Bob Supnik lurking? (simh PDP11 question)

From: Paul Koning <>
Date: Mon Oct 4 07:51:45 2004

>>>>> "Tom" == Tom Jennings <> writes:

 Tom> On Sun, 3 Oct 2004, Ron Hudson wrote:
>> Ok, What do you mean... It seems to me your saying that if I
>> rename the file and name a new one in it's place the running
>> process (simh) will continue to access the old file..(perhaps by
>> inode)

 Tom> The directory entry ("foo.x") simply points to the inode that is
 Tom> the file. So once a process has a file opened, it references
 Tom> the file via the inode, so renaming the file has no effect.

 Tom> THe only "danger" is if the process needs to re-open the file
 Tom> (after closing it) and you've renamed it, but that's obvious,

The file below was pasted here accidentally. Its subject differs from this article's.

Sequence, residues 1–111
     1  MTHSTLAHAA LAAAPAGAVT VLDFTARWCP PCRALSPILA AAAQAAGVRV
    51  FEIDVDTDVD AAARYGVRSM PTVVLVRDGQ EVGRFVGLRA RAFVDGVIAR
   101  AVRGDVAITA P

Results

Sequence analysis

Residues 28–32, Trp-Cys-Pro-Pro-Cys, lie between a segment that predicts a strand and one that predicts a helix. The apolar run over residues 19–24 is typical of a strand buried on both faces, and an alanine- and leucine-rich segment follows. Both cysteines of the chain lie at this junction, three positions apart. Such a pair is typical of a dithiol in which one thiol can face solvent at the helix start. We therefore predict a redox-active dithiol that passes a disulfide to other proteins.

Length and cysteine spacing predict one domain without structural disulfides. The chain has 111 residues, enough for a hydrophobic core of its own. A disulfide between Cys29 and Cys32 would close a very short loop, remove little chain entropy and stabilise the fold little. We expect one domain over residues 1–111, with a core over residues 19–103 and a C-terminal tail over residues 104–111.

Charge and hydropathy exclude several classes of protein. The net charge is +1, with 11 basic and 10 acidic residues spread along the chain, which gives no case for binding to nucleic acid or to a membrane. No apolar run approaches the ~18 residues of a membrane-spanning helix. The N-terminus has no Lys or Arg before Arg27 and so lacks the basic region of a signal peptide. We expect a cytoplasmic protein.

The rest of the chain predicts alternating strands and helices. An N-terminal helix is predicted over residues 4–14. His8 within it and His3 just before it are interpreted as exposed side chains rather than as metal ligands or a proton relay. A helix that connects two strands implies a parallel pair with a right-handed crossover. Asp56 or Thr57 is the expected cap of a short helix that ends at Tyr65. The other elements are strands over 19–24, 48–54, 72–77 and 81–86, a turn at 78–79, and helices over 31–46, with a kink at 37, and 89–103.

Tom> huh.

 Tom> (This is a secure way to handle temporary files: a process opens
 Tom> a file then deletes (unlinks) it, as long as the file is open,
 Tom> it (the inode) continues to exist; it will disappear when all
 Tom> references to the inode disappear, eg. you close the file. The
 Tom> advantage is, since the file doesn't have a name (in the
 Tom> directory) no other process can open it.)

FWIW, much of that is true for various other file systems -- probably
most of them. For example, RSTS, RSX, and VMS all work that way too.
RSTS doesn't have inodes, but it does have state that points to an
open file, and renaming or deleting doesn't disturb that. And they
all have temporary files "marked for delete" as described above.

Received on Mon Oct 04 2004 - 07:51:45 BST

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